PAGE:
Casey Kotchman leads the Seattle Mariners in RBI despite spending most of April in the sixth or seventh spot in the lineup.
And that's not his most impressive stat.
What is? A streak of errorless games at first base that has reached 200 consecutive games - the second longest in major league history.
"A lot of luck," Kotchman said. "A lot of help from teammates. I don't really think about it."
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The streak dates back to June 21, 2008, and the only one that went longer belongs to Kevin Youkilis, who went 238 games without an error from 2006 to 2008.
If Kotchman isn't wild to talk about his streak, others are a bit more impressed.
"I've been through two, three generations of first basemen, and he's the best I've ever seen," Chone Figgins said. "Soft hands, real athletic. He always seems to be in the right position when there's a bad hop."
Kotchman reminds manager Don Wakamatsu of another Mariner - center fielder Franklin Gutierrez.
"They play with the same passion, and like Guti, Kotchman works as hard practicing as he does playing," Wakamatsu said. "They work at the small things. I've seen him for years, had him in the Angels system - he was always this good.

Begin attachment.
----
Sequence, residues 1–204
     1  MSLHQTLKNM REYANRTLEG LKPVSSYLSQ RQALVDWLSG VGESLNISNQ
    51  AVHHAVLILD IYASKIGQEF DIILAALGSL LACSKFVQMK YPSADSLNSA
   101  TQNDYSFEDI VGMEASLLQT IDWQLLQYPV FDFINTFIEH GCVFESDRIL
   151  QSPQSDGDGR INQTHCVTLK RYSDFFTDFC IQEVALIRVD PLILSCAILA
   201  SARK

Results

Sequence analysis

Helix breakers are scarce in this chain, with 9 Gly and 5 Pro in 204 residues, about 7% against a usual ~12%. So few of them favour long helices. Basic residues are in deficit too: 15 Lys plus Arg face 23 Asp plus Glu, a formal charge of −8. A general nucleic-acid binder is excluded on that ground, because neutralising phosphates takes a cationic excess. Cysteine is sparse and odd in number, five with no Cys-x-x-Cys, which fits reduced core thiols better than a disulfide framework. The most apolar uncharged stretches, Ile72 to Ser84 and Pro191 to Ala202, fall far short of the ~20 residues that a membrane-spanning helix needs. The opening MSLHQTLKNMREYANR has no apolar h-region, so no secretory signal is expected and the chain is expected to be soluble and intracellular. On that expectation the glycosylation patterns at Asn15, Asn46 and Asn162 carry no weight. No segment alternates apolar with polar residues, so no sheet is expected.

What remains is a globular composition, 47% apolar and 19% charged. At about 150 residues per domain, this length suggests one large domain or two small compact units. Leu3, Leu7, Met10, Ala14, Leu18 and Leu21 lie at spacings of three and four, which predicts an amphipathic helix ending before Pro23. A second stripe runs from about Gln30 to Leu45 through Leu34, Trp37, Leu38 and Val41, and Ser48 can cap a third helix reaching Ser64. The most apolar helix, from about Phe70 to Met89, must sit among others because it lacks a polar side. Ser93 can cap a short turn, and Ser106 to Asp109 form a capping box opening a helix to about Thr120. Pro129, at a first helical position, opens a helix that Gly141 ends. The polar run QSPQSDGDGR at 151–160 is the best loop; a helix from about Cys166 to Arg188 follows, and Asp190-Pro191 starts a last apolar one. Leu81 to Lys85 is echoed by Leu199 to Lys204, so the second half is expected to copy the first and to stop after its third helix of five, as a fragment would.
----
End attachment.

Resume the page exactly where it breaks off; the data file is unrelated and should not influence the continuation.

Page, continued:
"It's a year-round thing with Casey. He'll take ground balls in November, practice short-hopping bad throws in January."
"It's as simple as trying to make plays," Kotchman said. "If a ball is hit hard to my right, I could let it go, I guess - but that's not me. I try to make every play."
His favorite play?
"Helping out a teammate on a bad throw," he said. "I know what errors feel like, and when you let a ball go and know it's off, your heart sort of stops. If I can make the play at the other end, I save that teammate going through the pain."
Does a guy with 200 consecutive errorless games even remember his last error? Oh, yeah.
"It was 2008, with the Angels in Philadelphia, interleague play," Kotchman rattled off. "And I made two in one game. Both could have been ruled hits - they were plays to my right with fast runners, but both were ruled errors."
If he doesn't think about the streak now, might he appreciate it whenever it comes to an end?
"I don't know why," Kotchman insisted. "I won't think about it, period. A lot of it is luck, but it doesn't affect the way I play day-to-day. If I thought about it, it might drive me crazy."